The goal of reading is to be able to read quickly and smoothly with good comprehension.
Beginning readers pause frequently as they read, stopping to sound out each letter they see. While this is appropriate when children first learn to read, stopping to sound out each letter of every word is cumbersome and makes reading a chore.
Stopping to sound out each word also interferes with comprehension. Rather than being able to focus on the meaning of the words, a child must put all of his energy into sounding out each word, letter by letter. When children are able to read words quickly and focus on the meaning of each word, reading becomes a comfortable and enjoyable activity.
The importance of sight words
Sight words are just what their name implies - words that a child can read “on sight” without having to sound out each letter. Sight words are typically those that break the rules of phonics and cannot be read by sounding out the letters or those words that are written frequently.
A growing sight word vocabulary contributes to comfortable reading since it allows a reader to quickly read entire words without sounding them out. When a child can read words quickly, he can maintain a smooth pace and focus on the meaning of the words being read.
Tips for introducing sight words
The easiest way to introduce your child to sight words is through sight word flashcards.
These sight word flashcards are based on the list of Dolch sight words, which is a nationally recognized list of words children need to know to be able to read quickly and comfortably. The worksheets include all Dolch pre-primer (preschool) and primer (kindergarten) sight words.
A few simple tips will help your child quickly and easily learn the sight words.
Introduce three sight words at a time. Begin with the first sheet of Dolch pre-primer (preschool) sight words and choose three words. Show your child one flashcard at a time, saying the word clearly and asking your child to repeat the word after you. Put the first flashcard face down and repeat the process with the second and third flashcards.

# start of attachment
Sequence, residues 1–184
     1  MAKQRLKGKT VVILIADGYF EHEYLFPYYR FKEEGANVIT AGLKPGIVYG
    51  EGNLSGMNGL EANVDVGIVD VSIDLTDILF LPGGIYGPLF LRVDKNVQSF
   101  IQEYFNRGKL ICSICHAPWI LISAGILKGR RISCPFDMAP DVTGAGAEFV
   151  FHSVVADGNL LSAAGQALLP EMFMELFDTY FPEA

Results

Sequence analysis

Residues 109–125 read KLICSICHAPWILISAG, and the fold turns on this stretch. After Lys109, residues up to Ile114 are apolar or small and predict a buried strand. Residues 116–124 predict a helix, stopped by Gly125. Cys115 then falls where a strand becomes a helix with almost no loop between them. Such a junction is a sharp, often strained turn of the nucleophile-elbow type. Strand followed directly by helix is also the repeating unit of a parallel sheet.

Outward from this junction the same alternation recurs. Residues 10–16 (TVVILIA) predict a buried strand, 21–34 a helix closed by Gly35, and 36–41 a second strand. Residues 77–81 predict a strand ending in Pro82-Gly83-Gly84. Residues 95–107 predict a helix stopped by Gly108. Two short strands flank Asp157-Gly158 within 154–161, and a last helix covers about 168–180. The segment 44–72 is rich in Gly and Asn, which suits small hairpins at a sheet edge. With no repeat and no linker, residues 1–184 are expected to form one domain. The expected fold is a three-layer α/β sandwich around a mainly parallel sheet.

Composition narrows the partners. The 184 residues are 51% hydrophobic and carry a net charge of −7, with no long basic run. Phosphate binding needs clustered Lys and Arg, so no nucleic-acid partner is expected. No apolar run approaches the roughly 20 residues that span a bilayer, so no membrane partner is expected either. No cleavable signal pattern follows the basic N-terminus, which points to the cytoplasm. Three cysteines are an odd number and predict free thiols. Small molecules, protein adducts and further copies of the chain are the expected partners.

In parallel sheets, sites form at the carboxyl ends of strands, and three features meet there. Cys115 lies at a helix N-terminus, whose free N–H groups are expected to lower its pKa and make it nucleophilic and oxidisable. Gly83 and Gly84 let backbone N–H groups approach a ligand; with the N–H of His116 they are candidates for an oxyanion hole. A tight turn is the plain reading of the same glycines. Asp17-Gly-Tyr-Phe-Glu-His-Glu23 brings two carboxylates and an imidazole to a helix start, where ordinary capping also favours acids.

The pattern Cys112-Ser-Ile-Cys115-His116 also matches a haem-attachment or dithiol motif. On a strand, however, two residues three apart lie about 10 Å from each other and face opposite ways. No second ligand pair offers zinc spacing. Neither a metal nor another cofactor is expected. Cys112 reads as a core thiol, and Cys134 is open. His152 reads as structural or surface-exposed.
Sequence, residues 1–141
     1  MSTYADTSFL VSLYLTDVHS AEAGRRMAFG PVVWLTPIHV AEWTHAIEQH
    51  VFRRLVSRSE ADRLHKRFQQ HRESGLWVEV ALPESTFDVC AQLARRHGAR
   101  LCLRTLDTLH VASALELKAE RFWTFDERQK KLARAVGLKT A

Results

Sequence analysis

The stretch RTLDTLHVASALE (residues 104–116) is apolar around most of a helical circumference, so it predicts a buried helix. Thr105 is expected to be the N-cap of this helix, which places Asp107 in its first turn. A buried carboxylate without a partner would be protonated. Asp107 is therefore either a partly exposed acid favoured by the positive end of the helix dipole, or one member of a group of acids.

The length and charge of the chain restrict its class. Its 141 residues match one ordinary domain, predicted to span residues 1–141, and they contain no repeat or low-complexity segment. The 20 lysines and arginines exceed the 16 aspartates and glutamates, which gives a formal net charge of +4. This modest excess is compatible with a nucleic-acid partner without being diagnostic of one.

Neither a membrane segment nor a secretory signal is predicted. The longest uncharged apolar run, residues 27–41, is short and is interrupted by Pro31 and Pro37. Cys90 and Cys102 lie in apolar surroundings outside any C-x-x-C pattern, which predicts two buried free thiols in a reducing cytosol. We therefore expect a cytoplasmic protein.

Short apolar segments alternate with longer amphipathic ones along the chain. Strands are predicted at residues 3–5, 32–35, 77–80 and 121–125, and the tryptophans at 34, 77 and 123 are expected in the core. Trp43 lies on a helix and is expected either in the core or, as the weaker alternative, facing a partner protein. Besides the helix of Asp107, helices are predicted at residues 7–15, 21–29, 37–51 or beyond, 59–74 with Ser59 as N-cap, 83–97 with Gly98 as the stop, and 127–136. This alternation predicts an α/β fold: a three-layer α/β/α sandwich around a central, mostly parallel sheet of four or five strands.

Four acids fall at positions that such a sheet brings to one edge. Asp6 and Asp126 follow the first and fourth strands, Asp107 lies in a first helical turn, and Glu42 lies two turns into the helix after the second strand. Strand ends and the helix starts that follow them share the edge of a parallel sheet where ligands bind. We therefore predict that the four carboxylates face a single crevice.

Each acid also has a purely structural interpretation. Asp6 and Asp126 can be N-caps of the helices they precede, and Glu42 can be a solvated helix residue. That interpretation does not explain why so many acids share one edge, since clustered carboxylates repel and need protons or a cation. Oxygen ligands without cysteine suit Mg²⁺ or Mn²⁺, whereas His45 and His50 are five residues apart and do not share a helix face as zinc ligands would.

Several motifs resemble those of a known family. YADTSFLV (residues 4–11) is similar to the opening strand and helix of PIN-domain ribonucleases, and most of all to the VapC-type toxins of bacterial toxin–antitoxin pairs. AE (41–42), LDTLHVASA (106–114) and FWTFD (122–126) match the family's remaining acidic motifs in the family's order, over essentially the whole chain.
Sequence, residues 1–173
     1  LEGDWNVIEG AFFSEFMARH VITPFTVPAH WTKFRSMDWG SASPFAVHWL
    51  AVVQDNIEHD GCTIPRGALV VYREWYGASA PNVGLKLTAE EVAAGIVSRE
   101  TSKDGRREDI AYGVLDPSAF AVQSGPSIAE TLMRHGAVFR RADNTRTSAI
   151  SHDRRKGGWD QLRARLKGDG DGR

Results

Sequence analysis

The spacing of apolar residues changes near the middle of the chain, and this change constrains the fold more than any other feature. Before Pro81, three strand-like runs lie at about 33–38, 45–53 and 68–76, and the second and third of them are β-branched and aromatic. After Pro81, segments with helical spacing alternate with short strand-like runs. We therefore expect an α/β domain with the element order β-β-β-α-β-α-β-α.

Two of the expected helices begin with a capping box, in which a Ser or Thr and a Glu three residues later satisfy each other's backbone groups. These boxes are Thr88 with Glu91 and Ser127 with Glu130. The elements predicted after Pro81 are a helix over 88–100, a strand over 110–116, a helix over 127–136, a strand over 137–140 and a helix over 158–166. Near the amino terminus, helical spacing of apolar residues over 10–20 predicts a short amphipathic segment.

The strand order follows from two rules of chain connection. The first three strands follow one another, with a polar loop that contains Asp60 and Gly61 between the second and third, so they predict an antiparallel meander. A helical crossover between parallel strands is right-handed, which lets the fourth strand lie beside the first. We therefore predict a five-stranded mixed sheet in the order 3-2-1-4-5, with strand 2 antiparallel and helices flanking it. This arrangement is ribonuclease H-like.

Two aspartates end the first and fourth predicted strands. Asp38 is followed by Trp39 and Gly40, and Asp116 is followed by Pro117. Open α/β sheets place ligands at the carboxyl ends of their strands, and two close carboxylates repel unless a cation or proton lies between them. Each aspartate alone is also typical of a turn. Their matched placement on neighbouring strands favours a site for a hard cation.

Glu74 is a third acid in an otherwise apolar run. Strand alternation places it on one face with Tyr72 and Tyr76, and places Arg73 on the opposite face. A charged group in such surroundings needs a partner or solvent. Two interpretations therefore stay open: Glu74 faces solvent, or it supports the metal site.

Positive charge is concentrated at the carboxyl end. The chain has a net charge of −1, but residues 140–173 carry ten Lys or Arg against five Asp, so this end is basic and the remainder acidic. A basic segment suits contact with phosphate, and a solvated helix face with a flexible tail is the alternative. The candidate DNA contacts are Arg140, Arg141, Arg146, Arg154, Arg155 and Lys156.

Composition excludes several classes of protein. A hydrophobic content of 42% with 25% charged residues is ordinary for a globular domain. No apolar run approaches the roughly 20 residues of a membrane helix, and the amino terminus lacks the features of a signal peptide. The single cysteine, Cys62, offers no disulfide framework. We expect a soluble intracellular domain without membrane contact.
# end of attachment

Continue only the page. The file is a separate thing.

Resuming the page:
As you review each word, remind your child to try to remember what the word looks like. I would tell my kindergarten students to “tuck the word in their brain.” This phrase helped the children understand the concept of committing something to memory.
Get physical. Another way to reinforce new sight words is to teach your child a verbal cheer for each word. Start by labeling each letter as “high” (b, d, f, h, k, l, t and all uppercase letters), “medium” (a, c, e, i, m, n, o, r, s, u, v, w, x and z) or “low” (g, j, p, q and y).
Say aloud the sight word and then say the name of each letter in the word to create the cheer. Direct your child to reach above his head for “high” letters, put his hands on his hips for the “medium” letters, and put his arms down at his sides for the “low” letters. Repeat the cheer several times until your child can join you in saying the names of the letters while he looks at the flashcard and moves.
Using body movements while learning the sight words will bring the words to life and add another dimension to learning. Rather than just seeing the word and saying it aloud, your child can “feel” the word as he moves his body.
Customize the cards. As you introduce each sight word, draw an outline in red around the entire word on the flashcard, highlighting the shape of the word. Since sight words are visual in nature, the red box gives children another way to visualize the word and remember how it looks.
Keep it fun. Although learning sight words requires memorization, you can play simple games with the cards that will help make this learning fun.
For example, spread the cards face down on a table and let your child pick one card at a time by saying, “Eeeny, meeny, miney, mo. I’ll pick a card that I know!” Direct your child to pick the last card he touches as he reaches the end of the rhyme. Playful elements such as the silly rhyme and allowing your child to pick his own card will help keep your child engaged and having fun.
Create your own sight word flashcards. Each family has different words that may be common or important. Ask your child for sight word suggestions such as a family member’s name, a favorite food, or a favorite store. Use the blank flashcards included with the sight word flashcards to make personalized sight word flashcards for your child.
Track your child’s progress. As your child learns additional sight words, punch a hole in the top corner of each mastered flashcard and keep them on a loose-leaf ring (found at office supply stores). Your child will be able to see his progress as he accumulates flashcards and the ring will also keep the cards from getting lost. My kindergarten students used to delight in toting around their rings of sight word flashcards, stopping to show other teachers and their parents the assortment of words they could read.